THE name on the back of the shirt or the badge on the front will be important in time. Right now, it is all about the child inside the jersey.

The Ready programme focuses on the person rather than the player, on the rewards of experience rather than the demand for excellence. It may well produce a star that shines at Ibrox but that dream will not be sold to those who take up the game simply and solely as a result of a love for it.

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It is an innovative initiative, one which could have benefits for the country as well as the club. Seven centres will be established across Scotland - in Aberdeen, Ayr, Dundee, Edinburgh, Forth Valley, Glasgow and Lanarkshire - as Rangers take football into the community and offer a revolutionary route into the sport.

Rangers remain at the heart of the conversations regarding the final steps that players must take on the road to first team football and the discussions over B Teams and the Conference League continue. This is a project that starts at the beginning, though, one which is pure rather than professional as boys and girls, from age six, play, learn and grow without the psychological pressure of a crest on their chest.

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"The children will not wear a Rangers badge," Zeb Jacobs, the Head of Academy coaching, said as he outlined why Rangers will not seek to professionalise the grassroots game. "There will be no Rangers badge. Nowhere in the presentation is there a Rangers badge because we want to stay away from pressure."

Jacobs expands on the point with a scientific theory and points to the fact that learning only takes place when dopamine is released in the body. The ambition, therefore, is to create a carefree, stimulating environment that allows kids to be excited and engaged. When children feel under pressure, they will not learn.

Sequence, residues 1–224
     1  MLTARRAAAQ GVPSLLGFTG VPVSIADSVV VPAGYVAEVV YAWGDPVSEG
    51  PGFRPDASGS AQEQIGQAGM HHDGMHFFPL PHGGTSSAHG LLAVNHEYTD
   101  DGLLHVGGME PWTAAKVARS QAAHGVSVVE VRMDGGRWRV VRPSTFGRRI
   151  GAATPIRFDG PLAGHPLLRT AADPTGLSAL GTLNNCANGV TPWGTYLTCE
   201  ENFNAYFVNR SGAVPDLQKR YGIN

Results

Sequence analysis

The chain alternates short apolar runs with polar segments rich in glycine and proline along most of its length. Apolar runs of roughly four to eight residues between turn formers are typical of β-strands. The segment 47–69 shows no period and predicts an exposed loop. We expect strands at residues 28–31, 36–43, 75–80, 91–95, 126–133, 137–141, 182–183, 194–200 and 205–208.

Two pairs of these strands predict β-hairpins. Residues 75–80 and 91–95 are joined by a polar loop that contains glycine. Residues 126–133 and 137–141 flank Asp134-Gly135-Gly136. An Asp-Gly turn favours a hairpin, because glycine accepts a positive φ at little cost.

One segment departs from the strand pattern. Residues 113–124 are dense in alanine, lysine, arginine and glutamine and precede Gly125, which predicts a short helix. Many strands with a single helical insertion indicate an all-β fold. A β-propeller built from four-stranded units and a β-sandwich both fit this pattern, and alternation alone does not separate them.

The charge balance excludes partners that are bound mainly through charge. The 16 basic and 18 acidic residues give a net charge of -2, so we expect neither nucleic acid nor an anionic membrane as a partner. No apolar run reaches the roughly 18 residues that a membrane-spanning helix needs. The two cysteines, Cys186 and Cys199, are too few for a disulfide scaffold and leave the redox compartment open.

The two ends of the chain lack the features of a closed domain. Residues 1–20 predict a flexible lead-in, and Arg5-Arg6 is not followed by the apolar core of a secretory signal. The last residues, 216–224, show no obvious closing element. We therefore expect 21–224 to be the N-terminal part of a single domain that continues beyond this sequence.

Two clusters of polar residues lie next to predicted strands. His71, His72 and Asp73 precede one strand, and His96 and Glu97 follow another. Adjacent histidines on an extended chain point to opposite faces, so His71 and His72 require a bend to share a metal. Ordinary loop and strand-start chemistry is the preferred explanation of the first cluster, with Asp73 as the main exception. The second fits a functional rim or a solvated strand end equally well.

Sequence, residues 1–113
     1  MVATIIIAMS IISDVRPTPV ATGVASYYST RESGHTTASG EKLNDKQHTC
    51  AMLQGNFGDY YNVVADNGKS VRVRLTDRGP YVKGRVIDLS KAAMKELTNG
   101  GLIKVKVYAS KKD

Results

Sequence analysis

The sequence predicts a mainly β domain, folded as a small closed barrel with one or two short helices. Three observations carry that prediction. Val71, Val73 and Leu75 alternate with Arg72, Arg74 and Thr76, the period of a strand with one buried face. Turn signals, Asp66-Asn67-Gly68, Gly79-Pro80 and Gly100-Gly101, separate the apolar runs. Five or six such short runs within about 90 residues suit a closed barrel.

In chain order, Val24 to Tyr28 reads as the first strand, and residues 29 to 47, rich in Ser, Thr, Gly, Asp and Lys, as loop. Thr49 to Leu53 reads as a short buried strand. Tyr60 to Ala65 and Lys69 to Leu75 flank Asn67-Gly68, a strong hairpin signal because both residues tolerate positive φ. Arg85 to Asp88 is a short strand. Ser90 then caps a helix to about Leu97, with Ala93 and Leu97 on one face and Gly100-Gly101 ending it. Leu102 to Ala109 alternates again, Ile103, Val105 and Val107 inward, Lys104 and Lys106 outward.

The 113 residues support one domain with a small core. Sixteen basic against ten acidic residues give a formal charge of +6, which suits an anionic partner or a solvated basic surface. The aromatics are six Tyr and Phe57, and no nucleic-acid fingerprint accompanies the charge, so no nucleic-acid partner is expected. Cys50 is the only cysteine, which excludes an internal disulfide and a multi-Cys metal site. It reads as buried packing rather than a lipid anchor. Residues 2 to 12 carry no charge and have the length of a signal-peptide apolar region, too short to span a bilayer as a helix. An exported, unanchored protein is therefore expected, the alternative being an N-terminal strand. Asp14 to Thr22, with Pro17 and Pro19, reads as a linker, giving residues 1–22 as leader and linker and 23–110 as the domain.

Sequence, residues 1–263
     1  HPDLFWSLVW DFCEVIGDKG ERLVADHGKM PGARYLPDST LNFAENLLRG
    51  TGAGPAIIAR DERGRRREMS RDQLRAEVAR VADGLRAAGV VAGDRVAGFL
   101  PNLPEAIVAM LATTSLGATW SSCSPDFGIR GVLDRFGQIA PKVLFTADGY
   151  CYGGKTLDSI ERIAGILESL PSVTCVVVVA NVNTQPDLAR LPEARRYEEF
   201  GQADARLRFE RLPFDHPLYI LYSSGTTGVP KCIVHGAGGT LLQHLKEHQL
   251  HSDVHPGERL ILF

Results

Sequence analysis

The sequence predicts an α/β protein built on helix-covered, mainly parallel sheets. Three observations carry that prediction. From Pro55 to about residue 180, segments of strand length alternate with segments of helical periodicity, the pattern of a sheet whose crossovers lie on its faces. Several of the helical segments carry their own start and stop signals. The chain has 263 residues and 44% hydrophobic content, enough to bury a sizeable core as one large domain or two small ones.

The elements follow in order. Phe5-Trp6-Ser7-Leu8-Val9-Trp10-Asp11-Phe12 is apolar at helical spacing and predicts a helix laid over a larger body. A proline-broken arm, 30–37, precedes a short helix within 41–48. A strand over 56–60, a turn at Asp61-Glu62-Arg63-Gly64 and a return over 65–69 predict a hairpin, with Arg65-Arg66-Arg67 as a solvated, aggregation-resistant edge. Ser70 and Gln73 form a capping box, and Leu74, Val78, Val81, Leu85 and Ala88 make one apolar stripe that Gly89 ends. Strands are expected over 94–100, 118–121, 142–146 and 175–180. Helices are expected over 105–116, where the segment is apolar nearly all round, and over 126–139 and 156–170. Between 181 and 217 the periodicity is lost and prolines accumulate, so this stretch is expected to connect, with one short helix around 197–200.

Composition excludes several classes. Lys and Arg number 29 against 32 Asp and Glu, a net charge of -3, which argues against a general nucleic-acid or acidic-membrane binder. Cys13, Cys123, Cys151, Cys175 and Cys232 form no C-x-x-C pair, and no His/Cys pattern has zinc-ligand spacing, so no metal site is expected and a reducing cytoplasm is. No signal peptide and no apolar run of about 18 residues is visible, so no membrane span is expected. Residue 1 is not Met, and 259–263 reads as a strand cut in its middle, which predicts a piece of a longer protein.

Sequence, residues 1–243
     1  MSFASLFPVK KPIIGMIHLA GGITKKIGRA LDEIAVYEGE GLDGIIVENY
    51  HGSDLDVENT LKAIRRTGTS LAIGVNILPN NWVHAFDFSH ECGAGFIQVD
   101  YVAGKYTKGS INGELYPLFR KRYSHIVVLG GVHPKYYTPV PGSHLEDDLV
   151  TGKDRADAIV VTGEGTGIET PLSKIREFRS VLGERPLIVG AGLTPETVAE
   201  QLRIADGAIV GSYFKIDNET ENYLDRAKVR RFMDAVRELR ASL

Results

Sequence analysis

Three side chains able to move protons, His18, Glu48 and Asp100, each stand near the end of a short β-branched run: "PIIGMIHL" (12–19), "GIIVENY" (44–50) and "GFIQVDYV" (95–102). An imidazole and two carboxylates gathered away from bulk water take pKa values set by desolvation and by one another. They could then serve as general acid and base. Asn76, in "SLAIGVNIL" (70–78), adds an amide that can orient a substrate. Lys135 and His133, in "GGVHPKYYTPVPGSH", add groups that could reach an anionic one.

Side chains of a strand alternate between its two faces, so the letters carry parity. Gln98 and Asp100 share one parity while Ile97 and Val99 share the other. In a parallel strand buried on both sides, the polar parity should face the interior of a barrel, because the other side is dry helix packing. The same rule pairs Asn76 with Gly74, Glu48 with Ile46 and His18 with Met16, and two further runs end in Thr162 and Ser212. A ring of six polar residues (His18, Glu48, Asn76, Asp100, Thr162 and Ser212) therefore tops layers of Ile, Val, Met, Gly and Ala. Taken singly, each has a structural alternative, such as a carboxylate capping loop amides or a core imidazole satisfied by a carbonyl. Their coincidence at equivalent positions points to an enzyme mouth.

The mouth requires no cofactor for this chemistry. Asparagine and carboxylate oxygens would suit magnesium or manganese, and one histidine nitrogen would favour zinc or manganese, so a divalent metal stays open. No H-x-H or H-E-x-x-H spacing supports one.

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The branding of Ready has been inspired by UEFA. Every session at every centre will have an identical look and feel about it, just like each Champions League fixture has the same standard and sense of occasion regardless of the venue or the participants.

As soon as children step out of the car, they should be greeted by their coaches and there will be colour and music to grab their attention. From that moment, they will be ready to learn.

"All the external pressure that we can take away we want to take away," Jacobs said. "We don’t want them to drive two hours, we don’t want them to think 'I am going to Rangers', don’t want them to wear a Rangers badge and be a Rangers player. Be you, be a child, fall in love with the game.

"That is the message behind the branding. We want to eliminate all the external pressures. You see other clubs say elite programme under six or under seven. We don’t believe in that at all."

The Ready programme has been designed around five key pillars - love for the game, establishing connections, pedagogical, building relationships and a new concept - over the last year or so. Jacobs has been at the heart of the process but soundings have been taken from staff around Auchenhowie, including Harry Watling, a first team coach under Michael Beale, and inspiration found in the work of the DFB and KNVB.

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Watling oversaw a similar scheme, one which he doesn't rate as highly as the Rangers model, at Chelsea and speaks of giving youngsters a 'a choice'. Chelsea had a host of clubs, including Arsenal, Tottenham Hotspur and Crystal Palace, to compete with for players but urged kids to go and play elsewhere thanks to a belief that they would return to the Blues if the programme and the potential were right.

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Jacobs himself brings a different perspective to the Scottish game. A former Belgian youth internationalist, he moved to Glasgow in December 2021 following stints as a coach at KV Mechelen and as Head of Development at Royal Antwerp.